The alliance ratchets up the possibility of conflict in the western Pacific with China where there are already a number of sources of tension

Lindsey German

The deal to supply Australia with nuclear-powered submarines brokered with the US and Britain has sent shock waves across the world.

There was no mention of China when the deal was announced, and Boris Johnson told MPs that it was “not intended to be adversarial” towards China. But few will believe this – certainly not the Chinese government which has described it as the product of a “cold war mentality.”

That is exactly what it is. Aukus, as it is known, is a major new military alliance which draws Australia in as a much closer ally of the US and a key force in the region.

The aim is to challenge China’s navy – something which led to ditching an Australian-French agreement for conventional submarines in favour of nuclear which have greater capabilities. Australia’s navy and air force are also buying Tomahawk cruise missiles.

This will tie Australia into close alliance with the US for a generation and will raise questions about further nuclear proliferation. It also ratchets up the possibility of conflict in the western Pacific with China where there are already a number of sources of tension which could spill over into hotter war.

While Western media and governments paint China as the aggressor in this situation, the policies of recent US presidents tell a different story. Joe Biden has continued Donald Trump’s policies of confrontation, sanctions and military rivalry.

The alliance comes at a very dangerous time. The US withdrawal from Afghanistan last month and the fall of Kabul marked a major defeat for imperialism and one that marks the end of the war on terror and its policy of regime change under the guise of “humanitarian intervention.”

Those of us in the anti-war movement argued then that this would not, however, mean the end of wars and conflict, but a strategic shift.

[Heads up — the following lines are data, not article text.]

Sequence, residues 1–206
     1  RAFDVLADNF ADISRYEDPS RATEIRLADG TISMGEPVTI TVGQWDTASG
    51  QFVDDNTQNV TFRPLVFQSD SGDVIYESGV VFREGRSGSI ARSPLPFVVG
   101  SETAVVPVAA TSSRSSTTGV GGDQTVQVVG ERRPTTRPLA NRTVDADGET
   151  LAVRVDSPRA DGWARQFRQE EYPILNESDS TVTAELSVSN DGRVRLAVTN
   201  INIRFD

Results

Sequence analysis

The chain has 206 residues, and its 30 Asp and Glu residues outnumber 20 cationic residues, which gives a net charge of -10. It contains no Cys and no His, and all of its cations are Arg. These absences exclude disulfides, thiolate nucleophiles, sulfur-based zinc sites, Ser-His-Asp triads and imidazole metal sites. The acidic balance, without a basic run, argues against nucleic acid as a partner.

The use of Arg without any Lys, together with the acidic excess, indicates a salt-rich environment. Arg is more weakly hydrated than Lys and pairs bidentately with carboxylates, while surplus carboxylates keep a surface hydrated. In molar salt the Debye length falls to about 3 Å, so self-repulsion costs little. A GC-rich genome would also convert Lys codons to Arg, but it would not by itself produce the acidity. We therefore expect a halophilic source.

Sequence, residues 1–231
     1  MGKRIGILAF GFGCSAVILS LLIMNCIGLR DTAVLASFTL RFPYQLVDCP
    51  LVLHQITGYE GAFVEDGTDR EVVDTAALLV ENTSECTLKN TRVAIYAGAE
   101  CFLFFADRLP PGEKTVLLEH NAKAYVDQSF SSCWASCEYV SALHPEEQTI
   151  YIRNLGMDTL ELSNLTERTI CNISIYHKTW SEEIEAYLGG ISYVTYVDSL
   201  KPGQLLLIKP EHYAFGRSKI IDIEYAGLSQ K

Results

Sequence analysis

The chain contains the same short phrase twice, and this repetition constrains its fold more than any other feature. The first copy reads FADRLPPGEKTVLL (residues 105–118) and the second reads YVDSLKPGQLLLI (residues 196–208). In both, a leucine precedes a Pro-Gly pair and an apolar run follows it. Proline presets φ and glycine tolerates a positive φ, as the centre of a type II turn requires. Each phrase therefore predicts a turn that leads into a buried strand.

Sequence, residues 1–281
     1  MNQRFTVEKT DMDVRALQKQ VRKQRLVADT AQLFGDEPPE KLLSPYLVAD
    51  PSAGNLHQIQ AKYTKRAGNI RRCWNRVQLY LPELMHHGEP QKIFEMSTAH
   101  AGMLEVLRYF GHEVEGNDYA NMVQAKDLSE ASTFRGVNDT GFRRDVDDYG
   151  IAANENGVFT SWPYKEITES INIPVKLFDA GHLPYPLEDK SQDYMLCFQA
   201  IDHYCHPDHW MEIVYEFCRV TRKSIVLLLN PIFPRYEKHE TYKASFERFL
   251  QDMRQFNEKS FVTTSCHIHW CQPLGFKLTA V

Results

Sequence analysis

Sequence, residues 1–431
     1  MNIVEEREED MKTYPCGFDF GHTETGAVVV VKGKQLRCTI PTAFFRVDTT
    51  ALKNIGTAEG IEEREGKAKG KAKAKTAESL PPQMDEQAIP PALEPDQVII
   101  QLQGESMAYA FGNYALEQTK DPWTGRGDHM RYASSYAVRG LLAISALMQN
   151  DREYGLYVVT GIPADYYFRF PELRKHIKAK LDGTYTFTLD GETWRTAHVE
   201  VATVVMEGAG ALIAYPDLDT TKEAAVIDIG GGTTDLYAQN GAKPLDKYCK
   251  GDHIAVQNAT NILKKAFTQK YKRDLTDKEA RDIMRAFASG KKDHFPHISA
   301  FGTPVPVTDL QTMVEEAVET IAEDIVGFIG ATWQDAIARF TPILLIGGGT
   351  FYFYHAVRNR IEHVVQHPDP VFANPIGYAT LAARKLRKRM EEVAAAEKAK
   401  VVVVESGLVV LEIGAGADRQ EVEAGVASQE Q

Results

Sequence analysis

What is the British government’s role in all this? Afghanistan made it clear in a brutal way that there is no “special relationship” with the US and that Britain has no independent role militarily.

This deal being made public now must be seen at least in part as an attempt by Boris Johnson to claim relevance for “global Britain.” In reality the only such relevance is for Britain to play a more belligerent role.

Harold Wilson back in the ’60s pulled British troops from “east of Suez,” in recognition of the fading role of the country and its empire. Johnson is once more claiming a military role in the Far East.

Already he has staged a provocative maiden voyage for the aircraft carrier Queen Elizabeth in the region. This alliance is a further provocation against China which is reckless and costly.

New Foreign Secretary Liz Truss is reputed to be a “China hawk.” Expect more such behaviour from a British government whose incompetence and corruption is matched by its jingoism and flag waving.

Former prime minister Theresa May asked Johnson in Parliament whether the Aukus alliance would commit Britain to intervening if there were conflict between China and Taiwan. This is a crucial question to which Johnson had no answer – but which raises the prospect of major conflict where the people of Britain, the US, Australia and China will all be the losers.

We have to oppose this deal and our increasingly warmongering government.

18 Sep 2021 by Lindsey German

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